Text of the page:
Many moms and dads get a bit anxious about how to successfully move with kids. Many kids (and moms and dads for that matter) feel both excited and anxious about setting up their new place. Here are five things you can do to help your children participate during the move-in phase and feel more at home, sooner than later.

Get ready for bed

Yep – it may not be the first thing on your list but setting up your child’s bed right away provides a dedicated place of familiarity and comfort. It also gives your son or daughter an uncluttered place to hang out if you’re busy with move-in logistics.

And if there’s not yet space for the bed, consider letting your child pick a fun new place to sleep on that special first night – it could be a great night for sleeping on the floor under a homemade tent!

Have necessities at the ready

When the family is tired of the moving upheaval and is getting hungry and cranky, the last thing you want to do is think about what to have for dinner. Bring some ready-made food to the new apartment so everyone can easily fill up with low stress during the first few days.

You’ll also be grateful if you can quickly find a few of your children’s toys, have their toiletries at hand and know where the phone charger is located. If your child is old enough for the responsibility, you can even ask them to be in charge of the “priority” box throughout the moving process.

Play tour guide

If your child is not yet familiar with your new location, dedicate some time to explore both the inside and outside of the apartment. Make sure you answer all questions and explain what things will be different … and what things will be the same.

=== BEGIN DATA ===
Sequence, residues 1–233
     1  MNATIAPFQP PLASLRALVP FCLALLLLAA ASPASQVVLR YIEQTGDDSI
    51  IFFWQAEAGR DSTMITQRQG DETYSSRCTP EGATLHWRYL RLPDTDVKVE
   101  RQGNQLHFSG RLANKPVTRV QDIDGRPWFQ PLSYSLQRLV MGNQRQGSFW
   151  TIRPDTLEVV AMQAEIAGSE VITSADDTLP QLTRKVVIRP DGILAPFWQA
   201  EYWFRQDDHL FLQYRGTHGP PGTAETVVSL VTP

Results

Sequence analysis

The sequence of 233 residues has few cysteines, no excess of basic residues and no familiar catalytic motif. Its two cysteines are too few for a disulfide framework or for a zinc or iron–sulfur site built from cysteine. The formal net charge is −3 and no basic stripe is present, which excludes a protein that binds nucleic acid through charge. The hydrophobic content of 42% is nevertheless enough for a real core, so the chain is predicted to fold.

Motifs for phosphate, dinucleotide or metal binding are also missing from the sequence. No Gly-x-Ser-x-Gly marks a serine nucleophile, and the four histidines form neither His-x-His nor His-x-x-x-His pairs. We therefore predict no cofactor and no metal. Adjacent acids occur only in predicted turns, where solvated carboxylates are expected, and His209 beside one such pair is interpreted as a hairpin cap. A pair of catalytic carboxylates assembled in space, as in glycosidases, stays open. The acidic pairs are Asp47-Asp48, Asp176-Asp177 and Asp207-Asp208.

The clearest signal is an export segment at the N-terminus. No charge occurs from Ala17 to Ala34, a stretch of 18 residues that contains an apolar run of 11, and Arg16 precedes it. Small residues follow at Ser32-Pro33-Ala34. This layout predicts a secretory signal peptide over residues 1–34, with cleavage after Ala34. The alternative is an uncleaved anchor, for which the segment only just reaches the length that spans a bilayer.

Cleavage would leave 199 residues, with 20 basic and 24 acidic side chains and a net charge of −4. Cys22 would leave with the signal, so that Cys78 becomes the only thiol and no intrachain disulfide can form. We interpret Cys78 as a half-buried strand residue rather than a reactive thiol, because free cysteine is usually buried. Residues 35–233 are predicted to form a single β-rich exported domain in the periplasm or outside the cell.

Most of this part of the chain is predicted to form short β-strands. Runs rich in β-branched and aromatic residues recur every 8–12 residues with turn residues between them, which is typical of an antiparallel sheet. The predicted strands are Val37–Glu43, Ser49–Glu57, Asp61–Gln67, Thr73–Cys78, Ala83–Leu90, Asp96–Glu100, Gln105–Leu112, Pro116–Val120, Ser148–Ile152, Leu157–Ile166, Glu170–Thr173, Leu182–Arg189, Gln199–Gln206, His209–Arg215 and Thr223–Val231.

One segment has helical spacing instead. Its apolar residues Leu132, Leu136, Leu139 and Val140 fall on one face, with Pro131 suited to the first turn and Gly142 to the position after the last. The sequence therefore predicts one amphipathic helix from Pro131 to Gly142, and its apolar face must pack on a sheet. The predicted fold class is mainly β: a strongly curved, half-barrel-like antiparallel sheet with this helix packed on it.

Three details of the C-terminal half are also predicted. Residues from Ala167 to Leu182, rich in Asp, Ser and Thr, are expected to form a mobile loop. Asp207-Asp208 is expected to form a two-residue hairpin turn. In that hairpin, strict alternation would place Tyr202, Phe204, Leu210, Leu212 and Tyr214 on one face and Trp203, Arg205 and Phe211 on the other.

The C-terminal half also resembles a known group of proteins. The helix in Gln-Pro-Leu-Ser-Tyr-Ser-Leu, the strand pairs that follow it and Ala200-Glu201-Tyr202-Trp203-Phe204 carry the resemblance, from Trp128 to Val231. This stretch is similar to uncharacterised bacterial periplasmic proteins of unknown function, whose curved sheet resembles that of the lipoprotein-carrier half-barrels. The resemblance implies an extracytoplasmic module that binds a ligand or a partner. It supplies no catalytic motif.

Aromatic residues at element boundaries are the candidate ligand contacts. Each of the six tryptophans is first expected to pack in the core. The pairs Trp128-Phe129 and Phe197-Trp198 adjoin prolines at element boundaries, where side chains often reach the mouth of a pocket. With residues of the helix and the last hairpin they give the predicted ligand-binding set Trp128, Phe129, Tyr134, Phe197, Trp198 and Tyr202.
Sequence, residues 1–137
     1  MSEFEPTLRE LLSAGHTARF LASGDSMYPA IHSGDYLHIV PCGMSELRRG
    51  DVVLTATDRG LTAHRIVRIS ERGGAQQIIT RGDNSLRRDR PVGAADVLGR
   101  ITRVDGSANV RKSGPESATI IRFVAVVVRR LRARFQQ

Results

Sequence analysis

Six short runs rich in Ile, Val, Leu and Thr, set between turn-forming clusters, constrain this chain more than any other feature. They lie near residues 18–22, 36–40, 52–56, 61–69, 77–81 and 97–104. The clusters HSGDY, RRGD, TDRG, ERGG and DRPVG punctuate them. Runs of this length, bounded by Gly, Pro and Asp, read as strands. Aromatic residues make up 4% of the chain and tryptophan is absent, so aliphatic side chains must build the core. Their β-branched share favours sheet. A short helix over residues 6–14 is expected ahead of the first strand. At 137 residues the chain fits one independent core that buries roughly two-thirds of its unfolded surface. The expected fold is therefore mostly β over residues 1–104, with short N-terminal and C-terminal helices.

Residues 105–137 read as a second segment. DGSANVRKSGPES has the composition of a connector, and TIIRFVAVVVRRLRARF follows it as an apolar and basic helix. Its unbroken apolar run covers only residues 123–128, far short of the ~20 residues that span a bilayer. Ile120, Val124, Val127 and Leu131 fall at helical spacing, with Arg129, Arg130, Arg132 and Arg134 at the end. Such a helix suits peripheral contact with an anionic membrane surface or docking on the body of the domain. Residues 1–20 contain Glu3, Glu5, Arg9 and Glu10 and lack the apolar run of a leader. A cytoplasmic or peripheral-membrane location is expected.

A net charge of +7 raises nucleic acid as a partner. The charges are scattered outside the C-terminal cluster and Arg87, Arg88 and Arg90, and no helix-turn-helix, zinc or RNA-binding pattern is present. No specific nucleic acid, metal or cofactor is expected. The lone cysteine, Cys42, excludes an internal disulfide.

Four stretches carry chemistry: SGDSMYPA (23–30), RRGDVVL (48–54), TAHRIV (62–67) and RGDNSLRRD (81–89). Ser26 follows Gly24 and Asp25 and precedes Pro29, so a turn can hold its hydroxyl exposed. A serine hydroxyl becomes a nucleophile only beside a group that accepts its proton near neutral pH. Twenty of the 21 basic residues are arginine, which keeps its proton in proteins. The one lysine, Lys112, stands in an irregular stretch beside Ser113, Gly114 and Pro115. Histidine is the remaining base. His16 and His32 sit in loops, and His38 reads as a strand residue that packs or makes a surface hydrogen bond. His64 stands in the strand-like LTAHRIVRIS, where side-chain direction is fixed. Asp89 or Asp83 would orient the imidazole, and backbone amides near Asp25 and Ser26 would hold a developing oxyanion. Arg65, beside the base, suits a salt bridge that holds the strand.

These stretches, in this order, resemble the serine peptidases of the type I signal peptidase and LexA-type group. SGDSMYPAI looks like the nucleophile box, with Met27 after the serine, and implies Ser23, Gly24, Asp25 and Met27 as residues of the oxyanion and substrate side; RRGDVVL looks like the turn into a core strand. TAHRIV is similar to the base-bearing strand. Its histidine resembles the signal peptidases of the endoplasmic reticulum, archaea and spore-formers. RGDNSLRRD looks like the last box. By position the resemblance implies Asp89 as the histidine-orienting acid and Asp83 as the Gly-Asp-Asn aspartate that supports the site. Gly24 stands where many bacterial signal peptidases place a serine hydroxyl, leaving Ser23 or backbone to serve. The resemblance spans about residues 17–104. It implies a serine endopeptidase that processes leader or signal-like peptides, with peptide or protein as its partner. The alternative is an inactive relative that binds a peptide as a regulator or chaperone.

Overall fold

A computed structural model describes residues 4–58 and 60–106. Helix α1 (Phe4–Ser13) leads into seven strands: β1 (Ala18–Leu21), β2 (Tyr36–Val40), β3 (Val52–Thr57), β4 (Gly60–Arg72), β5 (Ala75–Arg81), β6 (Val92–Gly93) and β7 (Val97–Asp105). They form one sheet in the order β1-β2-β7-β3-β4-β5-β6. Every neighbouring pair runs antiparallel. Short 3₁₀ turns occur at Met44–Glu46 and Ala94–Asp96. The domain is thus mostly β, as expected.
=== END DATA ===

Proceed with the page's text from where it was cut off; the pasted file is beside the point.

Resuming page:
Younger children might want to share this exploration with a stuffed animal, while older kids might want to take photos to share with friends.

Keep a routine

The moving process can be a 10 in terms of disruption, so anything you can do to create normalcy will help your child feel more secure in new surroundings.

Maintaining daily routines and regular bedtimes will help ground your child, and introducing familiar sights, sounds and smells can help as well. This can be as easy as cooking a favorite meal, reading a beloved book or relaxing together to watch – for the 10th time – the best movie ever.

Be a good role model

This is truly a time when actions speak louder than words.

If your child is nervous about living in a new place, listen to their concerns and acknowledge that moving isn’t easy. Let your child know their input is important by inviting them to make decisions, such as where to place photos or in which drawer to put the silverware. If they can make safe choices about how to set up their room, let them have at it.

And as the case with so many parenting experiences, patience is your friend. Give your child space and time to test the unfamiliar. Over time they will begin to settle in and eventually feel right at home.

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